November 9, 2011

How many rotational symmetries does a cube have? This question can be answered in a number of ways. Perhaps the one that most readily occurs to people is this: each vertex can end up in one of eight places; once you’ve decided where to put it, there are three places you can put one of its neighbours; once you’ve decided where to put that, the rotation is determined, so the total number of rotations is 8\times 3=24.

Here’s another proof. Take one of the faces. It can go to one of six other faces, and once you’ve decided which face it will go to, one of the vertices on the face has four places it can go, and once you’ve decided that you’ve fixed the rotation. So the total number of rotations is 6\times 4=24.

And here’s another. Take one of the midpoints of the twelve edges. There are twelve places it can end up, and once you’ve decided where to put it, there are two choices for how you send the two endpoints of the original edge to the endpoints of the new edge. So the total number of rotations is 12\times 2=24.

Group actions I

November 6, 2011

There is something odd about the experience of learning group theory. At first, one is told that the great virtue of groups is their abstractness: many mathematical structures, from number systems, to sets of permutations, to symmetries, to automorphisms of other algebraic structures, to invariants of geometric objects (these last two are examples you won’t meet for a while) have important properties in common, and these are encapsulated in a small set of axioms that lead to a rich theory with applications throughout mathematics. So far so good — understanding about abstraction is wonderful and mind-expanding and the definition of a group is one of the best examples.

But then one studies group actions (and later group representations). They appear to be doing the reverse of abstraction: we take an abstract group and find a way of thinking of it as a group of symmetries. And that is supposed to help us understand the group better — so much so that group actions are an indispensable part of group theory.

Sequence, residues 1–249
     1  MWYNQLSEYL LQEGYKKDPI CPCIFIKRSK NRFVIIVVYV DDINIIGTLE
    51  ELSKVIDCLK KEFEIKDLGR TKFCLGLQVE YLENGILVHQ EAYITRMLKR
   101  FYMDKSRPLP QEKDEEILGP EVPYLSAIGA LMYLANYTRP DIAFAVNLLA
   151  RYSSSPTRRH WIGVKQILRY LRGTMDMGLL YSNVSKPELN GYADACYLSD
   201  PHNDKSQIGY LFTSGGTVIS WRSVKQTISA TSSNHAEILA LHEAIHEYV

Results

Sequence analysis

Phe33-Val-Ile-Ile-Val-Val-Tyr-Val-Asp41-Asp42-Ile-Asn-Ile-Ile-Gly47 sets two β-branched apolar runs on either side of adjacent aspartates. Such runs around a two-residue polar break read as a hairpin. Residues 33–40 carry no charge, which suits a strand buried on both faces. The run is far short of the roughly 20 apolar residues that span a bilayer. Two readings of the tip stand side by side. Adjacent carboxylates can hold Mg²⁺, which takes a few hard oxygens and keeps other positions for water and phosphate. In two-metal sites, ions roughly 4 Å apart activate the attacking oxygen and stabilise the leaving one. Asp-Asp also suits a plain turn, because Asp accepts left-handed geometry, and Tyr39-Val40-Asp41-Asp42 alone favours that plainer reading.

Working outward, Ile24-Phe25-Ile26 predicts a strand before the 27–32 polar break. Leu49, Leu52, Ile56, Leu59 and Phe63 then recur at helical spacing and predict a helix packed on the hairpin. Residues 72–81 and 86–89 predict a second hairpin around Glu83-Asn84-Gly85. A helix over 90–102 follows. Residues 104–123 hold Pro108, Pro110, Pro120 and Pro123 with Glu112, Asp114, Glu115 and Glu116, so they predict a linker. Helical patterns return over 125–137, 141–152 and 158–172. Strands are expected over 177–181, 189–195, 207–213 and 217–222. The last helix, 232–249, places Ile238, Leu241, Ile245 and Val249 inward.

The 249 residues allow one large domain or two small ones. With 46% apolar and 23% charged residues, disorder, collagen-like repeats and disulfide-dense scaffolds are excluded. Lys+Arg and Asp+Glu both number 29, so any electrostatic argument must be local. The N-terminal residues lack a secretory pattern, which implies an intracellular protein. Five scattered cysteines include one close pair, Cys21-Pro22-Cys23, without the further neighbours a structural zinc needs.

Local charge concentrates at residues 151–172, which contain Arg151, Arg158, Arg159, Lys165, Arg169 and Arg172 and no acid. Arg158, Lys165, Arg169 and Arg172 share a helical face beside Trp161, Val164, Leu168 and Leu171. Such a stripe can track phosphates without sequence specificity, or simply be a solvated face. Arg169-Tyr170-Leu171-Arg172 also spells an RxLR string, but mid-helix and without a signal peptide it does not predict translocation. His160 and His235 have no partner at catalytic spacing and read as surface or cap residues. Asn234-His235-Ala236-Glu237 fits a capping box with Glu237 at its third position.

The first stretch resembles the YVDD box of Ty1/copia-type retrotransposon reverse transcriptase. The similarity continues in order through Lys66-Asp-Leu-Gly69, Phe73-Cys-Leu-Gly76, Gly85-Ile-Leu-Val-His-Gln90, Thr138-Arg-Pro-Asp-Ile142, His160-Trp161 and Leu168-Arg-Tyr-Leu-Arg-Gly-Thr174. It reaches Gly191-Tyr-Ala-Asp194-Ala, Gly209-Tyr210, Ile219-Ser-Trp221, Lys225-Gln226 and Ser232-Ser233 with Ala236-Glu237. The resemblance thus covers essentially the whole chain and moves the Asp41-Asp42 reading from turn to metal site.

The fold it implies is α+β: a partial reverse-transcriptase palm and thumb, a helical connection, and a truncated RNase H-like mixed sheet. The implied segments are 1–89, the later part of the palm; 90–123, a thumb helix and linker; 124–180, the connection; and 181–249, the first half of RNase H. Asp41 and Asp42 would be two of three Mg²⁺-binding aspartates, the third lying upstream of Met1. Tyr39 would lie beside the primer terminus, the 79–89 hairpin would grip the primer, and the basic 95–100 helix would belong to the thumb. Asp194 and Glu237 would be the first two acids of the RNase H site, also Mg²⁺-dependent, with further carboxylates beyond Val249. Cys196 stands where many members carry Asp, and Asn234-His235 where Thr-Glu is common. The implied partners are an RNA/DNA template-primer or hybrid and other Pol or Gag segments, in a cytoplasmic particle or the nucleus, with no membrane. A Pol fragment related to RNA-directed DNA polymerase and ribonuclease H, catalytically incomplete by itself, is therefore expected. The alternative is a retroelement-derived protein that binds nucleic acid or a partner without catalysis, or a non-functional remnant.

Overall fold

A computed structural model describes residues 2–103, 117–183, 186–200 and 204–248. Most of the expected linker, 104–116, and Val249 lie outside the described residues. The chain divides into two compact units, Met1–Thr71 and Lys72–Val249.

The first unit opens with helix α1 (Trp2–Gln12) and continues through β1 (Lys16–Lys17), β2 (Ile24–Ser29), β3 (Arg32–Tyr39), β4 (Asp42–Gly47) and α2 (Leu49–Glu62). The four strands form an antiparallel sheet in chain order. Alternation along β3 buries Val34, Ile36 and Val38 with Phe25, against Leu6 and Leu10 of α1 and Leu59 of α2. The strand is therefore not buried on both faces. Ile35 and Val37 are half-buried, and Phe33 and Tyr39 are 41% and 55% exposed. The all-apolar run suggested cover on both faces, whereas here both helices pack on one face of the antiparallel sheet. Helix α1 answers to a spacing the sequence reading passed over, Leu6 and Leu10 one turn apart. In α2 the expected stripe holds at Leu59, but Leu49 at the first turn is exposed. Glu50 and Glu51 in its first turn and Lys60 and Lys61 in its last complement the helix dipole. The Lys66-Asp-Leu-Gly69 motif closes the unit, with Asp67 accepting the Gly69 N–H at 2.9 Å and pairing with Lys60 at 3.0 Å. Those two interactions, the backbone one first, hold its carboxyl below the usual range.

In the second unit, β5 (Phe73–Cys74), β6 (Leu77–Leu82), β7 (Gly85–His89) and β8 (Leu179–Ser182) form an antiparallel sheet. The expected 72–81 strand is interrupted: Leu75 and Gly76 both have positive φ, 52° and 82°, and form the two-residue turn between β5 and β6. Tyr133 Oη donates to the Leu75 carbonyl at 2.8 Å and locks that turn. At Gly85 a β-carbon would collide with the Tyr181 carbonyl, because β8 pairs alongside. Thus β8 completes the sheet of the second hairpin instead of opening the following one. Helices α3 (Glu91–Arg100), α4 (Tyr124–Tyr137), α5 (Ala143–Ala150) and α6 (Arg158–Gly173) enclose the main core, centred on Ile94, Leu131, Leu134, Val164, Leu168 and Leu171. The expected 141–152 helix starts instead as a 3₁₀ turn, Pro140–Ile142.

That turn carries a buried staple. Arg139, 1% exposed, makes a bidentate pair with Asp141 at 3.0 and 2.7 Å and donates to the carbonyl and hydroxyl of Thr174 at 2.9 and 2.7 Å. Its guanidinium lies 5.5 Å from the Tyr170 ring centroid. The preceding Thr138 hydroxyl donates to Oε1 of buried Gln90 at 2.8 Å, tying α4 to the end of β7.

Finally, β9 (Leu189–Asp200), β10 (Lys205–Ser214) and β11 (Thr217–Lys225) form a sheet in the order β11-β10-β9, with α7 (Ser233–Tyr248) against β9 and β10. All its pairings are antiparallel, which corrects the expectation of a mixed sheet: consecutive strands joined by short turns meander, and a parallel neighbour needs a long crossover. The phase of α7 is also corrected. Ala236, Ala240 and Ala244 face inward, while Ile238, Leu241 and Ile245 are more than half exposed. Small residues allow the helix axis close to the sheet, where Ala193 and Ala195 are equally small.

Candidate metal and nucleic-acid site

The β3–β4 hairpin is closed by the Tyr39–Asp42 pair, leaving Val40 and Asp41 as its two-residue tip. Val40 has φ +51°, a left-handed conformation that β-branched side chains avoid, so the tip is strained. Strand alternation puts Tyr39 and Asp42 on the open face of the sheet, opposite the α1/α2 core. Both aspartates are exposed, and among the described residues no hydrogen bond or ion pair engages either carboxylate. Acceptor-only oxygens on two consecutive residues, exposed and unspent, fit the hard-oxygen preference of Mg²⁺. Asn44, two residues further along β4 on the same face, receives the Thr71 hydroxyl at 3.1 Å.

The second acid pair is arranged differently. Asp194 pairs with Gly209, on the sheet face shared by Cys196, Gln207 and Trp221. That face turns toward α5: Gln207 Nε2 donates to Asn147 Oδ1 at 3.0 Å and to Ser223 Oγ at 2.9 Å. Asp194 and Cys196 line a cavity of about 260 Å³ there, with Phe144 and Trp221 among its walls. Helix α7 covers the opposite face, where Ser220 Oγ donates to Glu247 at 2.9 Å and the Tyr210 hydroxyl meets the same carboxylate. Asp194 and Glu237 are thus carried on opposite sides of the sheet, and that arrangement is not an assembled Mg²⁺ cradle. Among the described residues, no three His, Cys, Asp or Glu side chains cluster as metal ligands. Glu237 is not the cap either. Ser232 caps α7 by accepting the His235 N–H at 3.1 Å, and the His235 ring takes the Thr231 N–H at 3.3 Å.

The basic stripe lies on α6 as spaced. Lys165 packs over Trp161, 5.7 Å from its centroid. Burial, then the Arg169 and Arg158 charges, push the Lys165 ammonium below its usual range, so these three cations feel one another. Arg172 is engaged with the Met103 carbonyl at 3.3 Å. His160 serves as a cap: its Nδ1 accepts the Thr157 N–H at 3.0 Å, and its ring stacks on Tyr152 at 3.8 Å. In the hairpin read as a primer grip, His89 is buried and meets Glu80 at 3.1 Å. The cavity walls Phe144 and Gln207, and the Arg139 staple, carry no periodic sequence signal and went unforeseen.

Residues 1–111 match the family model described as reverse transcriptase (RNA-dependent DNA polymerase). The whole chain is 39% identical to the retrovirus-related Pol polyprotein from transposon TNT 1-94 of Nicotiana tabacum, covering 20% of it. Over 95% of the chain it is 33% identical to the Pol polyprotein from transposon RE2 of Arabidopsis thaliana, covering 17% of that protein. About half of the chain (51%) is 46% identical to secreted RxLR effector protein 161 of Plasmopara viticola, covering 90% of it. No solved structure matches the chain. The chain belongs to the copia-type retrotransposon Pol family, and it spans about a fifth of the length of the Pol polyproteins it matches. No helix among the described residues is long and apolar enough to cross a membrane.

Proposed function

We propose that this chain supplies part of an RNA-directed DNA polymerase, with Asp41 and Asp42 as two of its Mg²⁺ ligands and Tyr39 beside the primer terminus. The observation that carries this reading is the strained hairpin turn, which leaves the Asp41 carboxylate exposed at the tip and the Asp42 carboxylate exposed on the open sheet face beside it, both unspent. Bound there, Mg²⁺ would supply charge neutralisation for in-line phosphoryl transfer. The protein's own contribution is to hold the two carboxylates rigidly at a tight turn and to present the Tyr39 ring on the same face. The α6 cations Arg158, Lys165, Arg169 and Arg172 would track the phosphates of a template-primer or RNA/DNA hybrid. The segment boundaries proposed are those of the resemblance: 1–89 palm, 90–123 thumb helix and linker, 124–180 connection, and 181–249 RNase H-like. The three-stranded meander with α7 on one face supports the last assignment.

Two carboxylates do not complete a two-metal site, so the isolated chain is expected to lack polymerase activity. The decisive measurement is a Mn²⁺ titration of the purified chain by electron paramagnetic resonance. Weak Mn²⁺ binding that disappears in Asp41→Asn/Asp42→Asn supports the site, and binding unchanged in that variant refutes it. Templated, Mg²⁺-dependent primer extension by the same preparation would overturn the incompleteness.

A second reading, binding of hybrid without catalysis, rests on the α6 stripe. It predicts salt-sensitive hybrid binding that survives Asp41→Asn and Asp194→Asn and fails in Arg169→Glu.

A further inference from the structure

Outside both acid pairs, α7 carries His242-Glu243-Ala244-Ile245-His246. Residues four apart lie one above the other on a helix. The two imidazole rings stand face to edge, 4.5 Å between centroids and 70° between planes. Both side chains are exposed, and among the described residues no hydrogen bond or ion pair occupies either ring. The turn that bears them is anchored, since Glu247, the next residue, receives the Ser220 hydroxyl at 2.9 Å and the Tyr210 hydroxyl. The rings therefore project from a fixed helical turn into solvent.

So is abstraction good or bad? Well, both the views above are correct. Abstraction does indeed play a very important clarifying role, by showing us that many apparently different phenomena are basically the same, and isolating the aspects of those phenomena that really matter. However, if a group is defined for us in an abstract way (I’ll say more precisely what I mean by this later), then showing that it is isomorphic to a group of symmetries can make it much easier to answer questions about that group.

In this post, and one or two further ones, I want to discuss what a group action actually is, the orbit-stabilizer theorem and how to remember its proof, and how to use group actions to prove facts about groups.

Alternative definitions

October 25, 2011

Something that happens very often in lecture courses is that you are presented with a definition, and soon after it you are told that a certain property is equivalent to that definition. This equivalence means that in principle one could have chosen the property as the “definition” and the definition as an equivalent property. To put that differently, suppose you are developing a piece of theory and have some word you want to define. To pick an imaginary example, suppose you have a notion of a set being “abundant”. Suppose that a set is defined to be abundant if it has property P, and that property P is equivalent to property Q. There may well not be much to choose between the following pair of alternatives. On the one hand you can say, “Definition: A set is abundant if it has property P,” and follow that with, “Proposition: A set is abundant if and only if it has property Q,” while on the other you can say, “Definition: A set is abundant if it has property Q,” and follow that with, “Proposition: A set is abundant if and only if it has property P.”


October 16, 2011

I don’t have too much to say about permutations, but there are two points that I have often found myself needing to get straight in supervisions. In fact, make that three. Here they are. [Added later: I have just finished the post, and it ended up being longer than I expected.]

1. The first is a confusion that some people have about what a permutation of \{1,2,\dots,n\} actually is. What could possibly be the trouble, you might ask? Well, let's take the permutation that in cycle notation is written (124). My guess is that a non-negligible percentage of people reading this have worried about whether this permutation means that you cycle round the elements 1, 2 and 4 of the set \{1,2,\dots,n\} or the elements in the places 1, 2 and 4.